Johann Michael Hermann (c.1669 - 1767)

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Birthplace: Württemberg, Mittelfranken, Germany
Death: Died in Baden, Wurttemberg, Germany
Managed by: Lance Bertola
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About Johann Michael Hermann

Note: A direct descendant of Heinrich Adam Harmon, states that the family came originally from a castle in the Southwest corner of Baden/Wurttemburg located on a hillock that (depending on how the river flowed each year), was sometimes in Germany and sometimes in Switzerland. The surrounding villages have many Hermann/Hermanns in them that have lived there for centuries. A civil war occurred in this region sometime between 1650 and 1700 in which the family castle was burned. They were being persecuted for their religious beliefs. After the fire, Johann Michael Herrmann gathered all his remaining resources to have each of his seven sons trained as Moravian ministers. In 1726 he sent them on the ship "Charlotte" to emigrate to America. After a brief stop over at the Isle of Man in Great Britton, they landed in Pennsylvania . Another account of where this family originated says that Johanne Herrmann fled to Germany from Moravia, which is in present day Czechoslovakia, because of religious persecution. The above two accounts of Johann Michael Herrmann's circumstances are probably not mutually exclusive. A brief history of the Moravian Church is shown below which may help to clarify this: "The Moravian Church, more properly known as the Unity of Brethren, was organized in 1457 by followers of the martyr John Hus. Hus, a Roman Catholic priest and professor at the University of Prague, taught that the Gospel should be available in the common language rather than in Latin. He held services in Czech at the Bethlehem Chapel in Prague. He also preached that the communion bread and wine should be freely available to all believers, and objected to abusive practices of the Roman Catholic Church of the Fifteenth Century. He was burned at the stake as an heretic at the Council of Constance in 1415. His followers rose in arms, and the Hussite wars marked the first organized large-scale opposition to the domination of the Papacy. During the late Fifteenth Century, the membership of the Unity in Moravia and Bohemia totalled close to a quarter million. As the Lutheran Reformation swept through northern Europe in the early Sixteenth Century, military confrontations decimated the Unity, which was caught in the middle between Catholic and Protestant forces. By the end of the Thirty Years' War, in 1648, only a small number of Moravians survived. In the agreement which closed the war, known as the Peace of Westphalia, each nation assumed the faith of their rulers, and thus Bohemia became a Catholic nation. Bohemian Protestants had to convert to Catholicism, flee the country, or face execution. A small band of Moravians, led by Bishop John Amos Comenius, fled in Poland, where they established a flourishing community. Others outwardly professed Catholicism and went underground. In the early 1700's, a group of Moravians crossed the border into southern Germany to seek refuge and religious freedom on the estates of the Lutheran Count Nicholas Ludwig von Zinzendorf, a leader of the Pietist movement. There, they began a village known as Herrnhut, or "The Lord's Watch." Following an early period of dissension., the group came to formulate a unique document, known as the "Brotherly Agreement," which set forth basic tenets of Christian behavior. The document is known today as the "Moravian Covenant for Christian Living. Residents of Herrnhut were required to sign a pledge to abide by these Biblical principles. There followed an intense and powerful experience of renewal, often described as the "Moravian Pentecost." During a communion service at Berthelsdorf, the entire congregation felt a powerful presence of the Holy Spirit, and felt their previous differences swept away. That date, August 13, 1727, is regarded as the date of the "renewal" of the Moravian Church. Led by Zinzendorf, this dedicated band began the first Protestant world mission work with missions to the slaves in the Caribbean and the Indian tribes of North America. Within a few years, Moravian mission stations had been established nearly around the world. Today, the Moravian Church continues to have a strong influence in the world mission movement. Churches in the US are concentrated in Winston-Salem, NC and Bethlehem, PA." The seven Harman brothers (3) who emigrated from Germany together were; Heinrich Adam, Jacob, Valentine, Mathias, George, Daniel, and John. They first stopped off in Pennsylvania, then emigrated to the Shenandoah Valley and some on into North Carolina. At least three of these brothers settled in Southwest Virginia, namely, Heinrich Adam, Valentin and Jacob. They were living in the New River German settlement, the first settlement ever made west of the Alleghenies on the "Western Waters", and were living there prior to 1745. In 1749 Moravian Missionaries conducted the first recorded religious services in Southwest Virginia in the home of Jacob Harman, and Dr. Thomas Walker mentions stopping at the home of Harman on his memorable exploration trip in 1750. Of these three brothers, Valentine and Jacob were both killed by Indians on the New River. Valentine was killed on Sinking Creek in what is now Giles Co., VA. In a land suit filed in the High Court of Chancery in Augusta Co., Virginia, on the 23rd of July, 1807, Taylor vs Harman, (4) Mathias Harman, nephew of the slain Valentine, says: Valentine was killed by the Indians on New River and at the same time his (Mathias') brother, Daniel Harman and Andrew Moser were taken prisoner. Daniel made his escape, but Andrew was held prisoner. On the 30th of June, 1808, Daniel Harman, deposes, in the same land suit, saying: In 1757, Valentine was killed in my presence less than a foot away from me, and I was taken prisoner. Valentine Harman, who was slain left a widow Mary Harman, but no children. Jacob Harman lived on Neck Creek in what is now Pulaski Co., VA, on what is known as Spring Dale Farm. In 1757, he, his wife, and one of his sons were killed by the Indians. (1) Calender Virginia State Papers, Vol. IV, page 564. (2) Probably Mathias Harman, brother of Henry. (3) Harman Genealogy by John Newton Harman (4) Augusta Court Causes Ended, Taylor vs Harman. (5) Augusta Court Causes Ended, Wynn vs Inglish heirs. (6) Ibid, Maxwell vs Pickens. -------------------- Posssible father of Heinrich Adam and his brothers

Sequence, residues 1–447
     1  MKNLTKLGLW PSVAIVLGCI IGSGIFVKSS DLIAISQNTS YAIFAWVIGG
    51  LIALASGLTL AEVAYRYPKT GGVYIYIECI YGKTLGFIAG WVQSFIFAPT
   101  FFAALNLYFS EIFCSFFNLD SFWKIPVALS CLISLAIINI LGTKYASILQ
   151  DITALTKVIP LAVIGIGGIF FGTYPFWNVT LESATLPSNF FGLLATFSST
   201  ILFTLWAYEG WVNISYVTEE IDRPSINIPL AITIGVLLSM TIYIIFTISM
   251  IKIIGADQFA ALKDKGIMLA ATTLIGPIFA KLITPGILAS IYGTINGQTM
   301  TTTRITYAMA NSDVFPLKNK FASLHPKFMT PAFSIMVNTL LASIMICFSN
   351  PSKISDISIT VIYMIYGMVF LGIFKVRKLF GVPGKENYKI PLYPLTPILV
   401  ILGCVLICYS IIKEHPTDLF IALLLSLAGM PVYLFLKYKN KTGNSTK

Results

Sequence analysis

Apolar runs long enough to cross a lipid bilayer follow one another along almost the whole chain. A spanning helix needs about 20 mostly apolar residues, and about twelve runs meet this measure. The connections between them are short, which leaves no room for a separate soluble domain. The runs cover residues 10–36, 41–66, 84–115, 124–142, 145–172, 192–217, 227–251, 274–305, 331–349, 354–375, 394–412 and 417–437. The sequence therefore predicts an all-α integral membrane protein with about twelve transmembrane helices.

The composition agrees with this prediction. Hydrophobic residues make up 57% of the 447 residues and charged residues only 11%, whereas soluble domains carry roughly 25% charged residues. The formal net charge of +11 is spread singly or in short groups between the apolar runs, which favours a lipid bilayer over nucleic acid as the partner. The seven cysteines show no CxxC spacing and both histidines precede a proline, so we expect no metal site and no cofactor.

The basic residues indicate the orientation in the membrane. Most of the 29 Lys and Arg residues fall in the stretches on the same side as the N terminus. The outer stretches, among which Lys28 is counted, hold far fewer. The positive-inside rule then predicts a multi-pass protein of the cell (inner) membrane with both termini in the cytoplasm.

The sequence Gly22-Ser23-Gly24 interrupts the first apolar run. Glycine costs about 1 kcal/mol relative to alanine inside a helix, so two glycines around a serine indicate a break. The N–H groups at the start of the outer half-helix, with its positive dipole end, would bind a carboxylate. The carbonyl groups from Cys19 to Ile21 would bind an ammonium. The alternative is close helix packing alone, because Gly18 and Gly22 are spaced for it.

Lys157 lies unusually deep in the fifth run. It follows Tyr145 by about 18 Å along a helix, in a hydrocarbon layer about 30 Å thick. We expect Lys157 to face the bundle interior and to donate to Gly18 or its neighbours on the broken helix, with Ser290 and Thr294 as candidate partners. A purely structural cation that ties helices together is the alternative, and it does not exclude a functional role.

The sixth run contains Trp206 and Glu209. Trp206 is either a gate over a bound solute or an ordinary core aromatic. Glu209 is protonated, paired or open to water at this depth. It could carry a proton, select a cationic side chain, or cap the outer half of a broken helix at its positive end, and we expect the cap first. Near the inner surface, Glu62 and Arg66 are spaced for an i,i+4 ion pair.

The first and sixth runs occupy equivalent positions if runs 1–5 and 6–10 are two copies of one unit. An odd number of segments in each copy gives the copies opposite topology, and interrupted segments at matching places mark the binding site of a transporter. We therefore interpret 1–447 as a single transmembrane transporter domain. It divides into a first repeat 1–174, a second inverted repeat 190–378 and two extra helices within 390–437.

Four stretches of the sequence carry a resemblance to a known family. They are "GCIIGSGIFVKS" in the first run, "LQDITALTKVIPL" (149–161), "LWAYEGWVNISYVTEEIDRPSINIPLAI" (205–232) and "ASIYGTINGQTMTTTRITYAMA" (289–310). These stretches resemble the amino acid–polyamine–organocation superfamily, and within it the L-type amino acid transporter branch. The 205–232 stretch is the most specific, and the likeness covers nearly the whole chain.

Heinrich Adam Hermann's father fled Moravia in present Czechoslovakia because of his religion. From there he was in Germany where his son was born. Heinrich Adam Hermann b. 1700 Rhine, Germany-died 1767 on the New River. Married Oct. 8, 1723 probably near Mannheim to Louisa Katrina Heinrich b.ca 1700 Rhine Germany d.3/18/1749 on New River during childbirth.

History:

Fact 1: JAN 1725/26 George Arrived in Philadelphia on Charlotte 

Fact 2: 1733 George Moved to Frederick Co., Maryland

Fact 3: 1740 George Moved to Giles Co., Virginia

Fact 4: 1757 Sons Jacob & Valentine killed by indians

Fact 5: 1788 Grandson Henry A. killed by indians

Christening: 9 Sep 1669 Jessen Schweintz, Sachsen, Preussen

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Johann Michael Hermann's Timeline

1669
September 9, 1669
Württemberg, Mittelfranken, Germany
September 9, 1669
Jessen Schweintz, Sachsen, Preußen, Germany
1698
1698
Age 28
Baden-Wuerttemberg, Germany
1700
1700
Age 30
Manheim, , Baden-Wuerttemberg, Germany
1704
1704
Age 34
Danube, Germany
1705
1705
Age 35
Baden-Wuerttemberg, Germany
1706
1706
Age 36
Danube, Germany
1710
1710
Age 40
Mittelfranken, Rupprechtstegen, Baden-Wuerttemberg, Germany
1712
1712
Age 42
Mittelfranken, Rupprechtstegen, Wurttemberg, Germany
1718
1718
Age 48